New Zealand bans offshore oil and gas exploration

New Zealand’s recently elected coalition government has announced a ban on all new offshore oil and gas exploration after seven years of growing public protests.

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The move effectively puts the fourth-largest exclusive economic zone on the planet – covering more than 4 million square kilometres – off limits for any new fossil fuel exploration.

The announcement comes as a significant blow to global oil companies, and follows prime minister Jacinda Ardern’s acceptance of a Greenpeace petition signed by 50,000 New Zealanders.

“This has been one of our longest-running campaigns, and it counts as a great success for so many people that this ban is now in place,” Greenpeace New Zealand executive director, Dr Russel Norman, said.

“The writing is on the wall for the oil industry. Its assumption that the world will always want more and more oil, and that they will need to exploit ever more remote new frontiers to supply it, is fatally flawed.”

Over the past decade, some of the world's largest oil companies have sought to search for and exploit fossil fuel reserves off New Zealand’s isolated shores.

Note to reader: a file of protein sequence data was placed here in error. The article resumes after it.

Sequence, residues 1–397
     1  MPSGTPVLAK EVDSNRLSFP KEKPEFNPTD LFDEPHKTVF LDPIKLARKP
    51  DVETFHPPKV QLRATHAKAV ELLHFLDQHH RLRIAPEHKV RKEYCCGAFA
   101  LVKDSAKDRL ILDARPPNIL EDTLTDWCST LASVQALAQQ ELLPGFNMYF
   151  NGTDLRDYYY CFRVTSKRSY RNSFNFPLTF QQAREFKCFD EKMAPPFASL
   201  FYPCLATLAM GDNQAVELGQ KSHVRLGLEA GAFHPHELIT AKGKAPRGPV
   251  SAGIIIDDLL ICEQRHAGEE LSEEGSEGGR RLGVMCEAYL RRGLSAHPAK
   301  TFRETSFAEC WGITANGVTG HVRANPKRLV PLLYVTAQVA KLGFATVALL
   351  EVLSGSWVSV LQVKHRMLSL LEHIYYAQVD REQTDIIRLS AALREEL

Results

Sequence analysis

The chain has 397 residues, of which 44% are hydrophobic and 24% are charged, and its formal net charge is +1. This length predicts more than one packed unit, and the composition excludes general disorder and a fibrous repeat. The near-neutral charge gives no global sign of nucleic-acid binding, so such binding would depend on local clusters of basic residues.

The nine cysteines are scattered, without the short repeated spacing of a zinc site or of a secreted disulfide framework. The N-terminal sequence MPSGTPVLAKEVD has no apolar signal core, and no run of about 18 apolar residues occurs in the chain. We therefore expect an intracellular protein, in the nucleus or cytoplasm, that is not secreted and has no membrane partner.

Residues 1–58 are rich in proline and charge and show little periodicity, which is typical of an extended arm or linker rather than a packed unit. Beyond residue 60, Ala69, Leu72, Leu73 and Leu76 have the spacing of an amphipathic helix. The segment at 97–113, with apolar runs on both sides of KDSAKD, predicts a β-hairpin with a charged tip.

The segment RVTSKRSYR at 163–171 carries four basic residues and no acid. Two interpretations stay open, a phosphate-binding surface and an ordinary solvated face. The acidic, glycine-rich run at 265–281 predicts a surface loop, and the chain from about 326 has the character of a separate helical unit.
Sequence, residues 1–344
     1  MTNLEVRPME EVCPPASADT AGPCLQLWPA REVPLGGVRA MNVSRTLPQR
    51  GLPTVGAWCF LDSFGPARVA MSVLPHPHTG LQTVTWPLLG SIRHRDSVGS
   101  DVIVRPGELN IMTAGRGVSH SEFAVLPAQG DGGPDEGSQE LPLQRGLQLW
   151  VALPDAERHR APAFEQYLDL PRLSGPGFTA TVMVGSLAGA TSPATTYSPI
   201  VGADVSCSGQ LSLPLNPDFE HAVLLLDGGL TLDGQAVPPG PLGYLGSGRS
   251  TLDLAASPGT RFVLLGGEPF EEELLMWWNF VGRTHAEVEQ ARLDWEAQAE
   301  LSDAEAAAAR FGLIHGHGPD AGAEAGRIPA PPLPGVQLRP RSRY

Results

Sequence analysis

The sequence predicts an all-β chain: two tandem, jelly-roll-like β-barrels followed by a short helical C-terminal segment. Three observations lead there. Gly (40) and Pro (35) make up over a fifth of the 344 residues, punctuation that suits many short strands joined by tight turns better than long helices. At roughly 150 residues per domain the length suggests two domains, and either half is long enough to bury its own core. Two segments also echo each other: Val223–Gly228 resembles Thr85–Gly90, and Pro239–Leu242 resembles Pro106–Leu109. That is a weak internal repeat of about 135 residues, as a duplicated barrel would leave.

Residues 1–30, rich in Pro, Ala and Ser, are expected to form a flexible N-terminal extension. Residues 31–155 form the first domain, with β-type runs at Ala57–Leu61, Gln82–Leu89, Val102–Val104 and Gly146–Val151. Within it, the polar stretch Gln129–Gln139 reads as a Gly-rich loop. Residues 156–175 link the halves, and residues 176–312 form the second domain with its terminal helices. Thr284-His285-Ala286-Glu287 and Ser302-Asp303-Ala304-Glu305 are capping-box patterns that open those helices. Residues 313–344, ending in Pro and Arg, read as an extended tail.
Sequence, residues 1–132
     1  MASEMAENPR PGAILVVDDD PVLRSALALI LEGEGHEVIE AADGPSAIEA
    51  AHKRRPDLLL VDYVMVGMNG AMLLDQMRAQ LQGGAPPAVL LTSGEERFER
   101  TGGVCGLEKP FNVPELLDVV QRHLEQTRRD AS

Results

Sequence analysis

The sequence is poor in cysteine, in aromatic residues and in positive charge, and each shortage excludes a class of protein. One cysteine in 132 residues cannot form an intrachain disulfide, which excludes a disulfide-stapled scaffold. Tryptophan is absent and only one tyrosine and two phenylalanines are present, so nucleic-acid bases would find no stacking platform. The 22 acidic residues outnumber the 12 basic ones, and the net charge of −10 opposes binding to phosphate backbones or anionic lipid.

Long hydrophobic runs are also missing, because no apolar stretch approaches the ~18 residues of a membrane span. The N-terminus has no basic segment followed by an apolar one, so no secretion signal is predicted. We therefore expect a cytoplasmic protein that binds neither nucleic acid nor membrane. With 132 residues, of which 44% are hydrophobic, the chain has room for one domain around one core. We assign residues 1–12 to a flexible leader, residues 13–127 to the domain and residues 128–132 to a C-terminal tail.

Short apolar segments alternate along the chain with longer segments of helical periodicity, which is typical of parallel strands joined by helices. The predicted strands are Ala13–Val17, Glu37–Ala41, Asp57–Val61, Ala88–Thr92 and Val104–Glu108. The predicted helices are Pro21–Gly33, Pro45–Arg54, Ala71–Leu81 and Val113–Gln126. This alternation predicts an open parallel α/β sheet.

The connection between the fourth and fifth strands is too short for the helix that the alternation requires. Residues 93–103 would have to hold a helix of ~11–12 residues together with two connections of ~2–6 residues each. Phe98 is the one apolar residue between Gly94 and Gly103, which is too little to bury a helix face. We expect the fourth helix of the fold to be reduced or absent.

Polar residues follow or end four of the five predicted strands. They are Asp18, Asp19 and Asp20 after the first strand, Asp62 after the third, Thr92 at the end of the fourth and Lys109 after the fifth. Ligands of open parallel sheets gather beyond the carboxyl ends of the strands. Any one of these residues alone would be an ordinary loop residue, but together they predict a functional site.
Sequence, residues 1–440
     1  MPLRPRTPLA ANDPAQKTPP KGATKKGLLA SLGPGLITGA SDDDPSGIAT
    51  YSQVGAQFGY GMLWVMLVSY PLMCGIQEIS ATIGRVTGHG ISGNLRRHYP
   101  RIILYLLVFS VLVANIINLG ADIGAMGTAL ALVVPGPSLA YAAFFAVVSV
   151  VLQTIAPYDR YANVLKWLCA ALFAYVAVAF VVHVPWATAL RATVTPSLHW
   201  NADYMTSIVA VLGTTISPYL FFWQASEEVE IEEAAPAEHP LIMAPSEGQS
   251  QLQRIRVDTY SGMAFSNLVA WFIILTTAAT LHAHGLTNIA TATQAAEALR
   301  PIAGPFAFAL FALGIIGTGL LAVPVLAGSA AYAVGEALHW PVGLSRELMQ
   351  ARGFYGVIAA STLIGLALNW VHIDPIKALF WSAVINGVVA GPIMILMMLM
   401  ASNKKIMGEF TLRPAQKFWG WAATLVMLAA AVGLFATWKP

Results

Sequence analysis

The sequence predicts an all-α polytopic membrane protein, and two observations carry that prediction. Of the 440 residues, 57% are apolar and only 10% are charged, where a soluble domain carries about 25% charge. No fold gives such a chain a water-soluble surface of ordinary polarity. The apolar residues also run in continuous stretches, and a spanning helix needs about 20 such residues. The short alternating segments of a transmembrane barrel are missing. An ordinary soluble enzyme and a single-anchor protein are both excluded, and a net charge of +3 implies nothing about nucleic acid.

Shell, Anadarko, Petrobras, Statoil, Chevron and OMV are among a list of foreign companies to undertake seismic surveying and exploratory drilling in the country’s deep seas, which threatens marine mammals.

These companies have met strong resistance from the public, with hundreds of thousands of people having marched, petitioned, and blockaded in opposition to oil exploration over the past seven years.

Notable global campaigns include opposition to Statoil’s exploration in the Great Australian Bight, Total’s drilling plans near the Amazon Reef, and the construction of new tar sands pipelines in North America.

New Zealand is now among the first countries to move towards a permanent ban, although the government will continue offering the onshore region of Taranaki for oil exploration, and will not revoke any existing contracts.

“The challenge for the industry and the government now is to provide a just transition for a clean energy future, which can provide jobs and a big boost to our economy,” Norman continued.

“New Zealand’s ban should make any company looking to develop extreme projects like the Canadian tar sands think twice about whether it’s a gamble worth taking.”

 

Image credit: iStock

Author: 

Chris Seekings is a reporter for TRANSFORM

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